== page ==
Entrepreneurship is taking the risk of doing something and also doing it in a different way than it has been done before. In Ethiopia, it has been taken as one of the ways to create more jobs and reduce poverty. The government showed its commitment to entrepreneurs by budgeting 21 billion Br on its five-year strategic plan. Yet, many businesses got interrupted before reaching their intended goal, and the government has been criticised for its rigid business starting procedures, unintegrated institutions and for hesitant response to ever-growing entrepreneurship demands. To address such issues, experts and entrepreneurs call for policy and institutional reforms and for the enactment of national entrepreneurship policy, writes BEHAILU AYELE, FORTUNE STAFF WRITER.
On a busy Wednesday at lunchtime, Etafer Balitina’s – a small kiosk for condiments on Togo Street – employees prepare a red pepper variety known as Mareqo. The owner and salesperson of this decade and a half old business is Etaferaw Yimer, 41, who co-manages with her mother.
She started her business with a capital of 500 Br after returning from Djibouti where she worked for nine years. Her company’s capital has now grown to 5,000 Br and hires temporary employees.
Despite the number of years Etafer Baltina has stayed in business she has faced challenges to sustain it in the market.
“Establishing this small business was not easy and keeping it in business has been just as hard. I built this company from the bottom up. Nobody, besides my mother, extended a hand when I was struggling,” she said with a smiling face.
Such experiences are not unusual around the globe. In the United States, around a fifth of businesses survive past the first year of operation. This phenomenon is worse in developing nations, though.
The World Bank Group, in its annual doing business index, ranks Ethiopia 161 out of 190 economies in the world – the nation’s lowest ranking in this decade. Ethiopia fares in the doing business indices worst when it comes to starting a business – just behind the strength of protections afforded to minority investors – where it is ranked 174th.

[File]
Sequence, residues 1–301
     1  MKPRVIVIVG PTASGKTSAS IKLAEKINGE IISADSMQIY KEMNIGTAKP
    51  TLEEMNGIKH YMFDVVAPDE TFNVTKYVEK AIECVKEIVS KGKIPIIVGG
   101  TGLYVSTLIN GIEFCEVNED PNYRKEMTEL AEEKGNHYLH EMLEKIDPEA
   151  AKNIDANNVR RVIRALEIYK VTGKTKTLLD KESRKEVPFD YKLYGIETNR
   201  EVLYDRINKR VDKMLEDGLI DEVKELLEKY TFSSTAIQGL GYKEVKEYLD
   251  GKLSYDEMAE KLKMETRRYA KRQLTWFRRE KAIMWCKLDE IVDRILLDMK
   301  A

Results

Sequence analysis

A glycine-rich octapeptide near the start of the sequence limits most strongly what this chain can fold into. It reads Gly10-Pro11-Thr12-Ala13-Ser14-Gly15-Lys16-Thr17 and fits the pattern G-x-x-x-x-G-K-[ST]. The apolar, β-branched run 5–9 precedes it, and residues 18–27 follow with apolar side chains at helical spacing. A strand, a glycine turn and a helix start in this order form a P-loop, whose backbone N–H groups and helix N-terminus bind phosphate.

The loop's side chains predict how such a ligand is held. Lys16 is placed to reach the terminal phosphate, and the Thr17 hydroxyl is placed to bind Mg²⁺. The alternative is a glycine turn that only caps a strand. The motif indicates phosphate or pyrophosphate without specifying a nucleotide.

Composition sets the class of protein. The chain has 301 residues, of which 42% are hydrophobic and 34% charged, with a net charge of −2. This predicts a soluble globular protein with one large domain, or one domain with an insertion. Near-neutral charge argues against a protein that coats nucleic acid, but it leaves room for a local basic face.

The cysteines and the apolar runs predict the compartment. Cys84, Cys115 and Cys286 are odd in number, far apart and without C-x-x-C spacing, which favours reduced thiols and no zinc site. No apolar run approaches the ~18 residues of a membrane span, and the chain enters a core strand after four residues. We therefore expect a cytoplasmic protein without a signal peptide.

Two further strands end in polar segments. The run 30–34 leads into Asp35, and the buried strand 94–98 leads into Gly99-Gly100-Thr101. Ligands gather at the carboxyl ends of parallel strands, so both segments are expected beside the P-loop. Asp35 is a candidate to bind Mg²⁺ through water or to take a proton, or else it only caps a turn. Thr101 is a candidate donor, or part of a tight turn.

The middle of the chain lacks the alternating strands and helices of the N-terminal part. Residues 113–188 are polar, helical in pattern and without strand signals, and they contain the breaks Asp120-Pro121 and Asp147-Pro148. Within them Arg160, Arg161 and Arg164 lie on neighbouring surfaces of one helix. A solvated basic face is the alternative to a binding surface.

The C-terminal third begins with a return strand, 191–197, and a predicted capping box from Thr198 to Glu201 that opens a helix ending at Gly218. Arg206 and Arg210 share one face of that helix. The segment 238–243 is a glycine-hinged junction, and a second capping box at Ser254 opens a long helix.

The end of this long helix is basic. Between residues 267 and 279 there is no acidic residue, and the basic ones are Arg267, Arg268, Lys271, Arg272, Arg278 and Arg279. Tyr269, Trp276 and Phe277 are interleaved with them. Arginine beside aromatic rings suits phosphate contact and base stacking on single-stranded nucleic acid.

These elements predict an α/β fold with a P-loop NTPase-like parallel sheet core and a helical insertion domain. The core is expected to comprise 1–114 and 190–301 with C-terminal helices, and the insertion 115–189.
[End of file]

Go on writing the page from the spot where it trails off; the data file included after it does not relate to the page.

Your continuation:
The World Bank though acknowledges that the country has made some positive strides such as removing the requirements to open a bank account for company registration and a paid-up minimum capitals.
Selam Ayele, who works at Growth Africa, a post-revenue and business accelerator company, relates a similar experience as Etafer and the World Bank report. Growth Africa provides developing companies with access to supports such as mentorship and potential investors.
“When we pitched our business idea, we couldn’t find it in the list of the business category, and there was no room for startup businesses.,” she said.
“They told us to apply as a small and micro-enterprise and register for a value-added tax [VAT]. We were subjected to double taxation, and the system treated us like a medium enterprise. We had to close,” she says of the business she begun with colleagues but could not sustain.
The problems of starting a business include inflexible regulatory policies, public sector bureaucracy and the lack of access to capital according to entrepreneurs Fortunetalked to.
“Staring from getting a business license to the procedures entrepreneurs have to follow and the public offices they have to go to settle a single issue, everything is frustrating,” says Henok Yitbarek, the managing director of Hen Sea-Land Business Plc, which produces Abissiniya Vodka. “The government advocates that it will support job creators, especially manufacturers. The only support we got so far is that we were able to import some raw materials duty-free.”
He adds that as a result of shortages of raw material created by the foreign exchange crunch they are planning to revitalise the firm by relocating to Uganda.
“Following the devaluation of the Birr [by 15pc against a basket of major currencies], the purchasing power of consumers has declined to serve as yet another stimulus to move on,” Henok adds.
The second edition of the Growth & Transformational Plan (GTP II) states that one of the main problems in releasing structural economic transformation is the low level of promotion of entrepreneurship. The Plan recognises nurturing entrepreneurship and business management capabilities as necessary steps to take to make the private sector the engine of growth.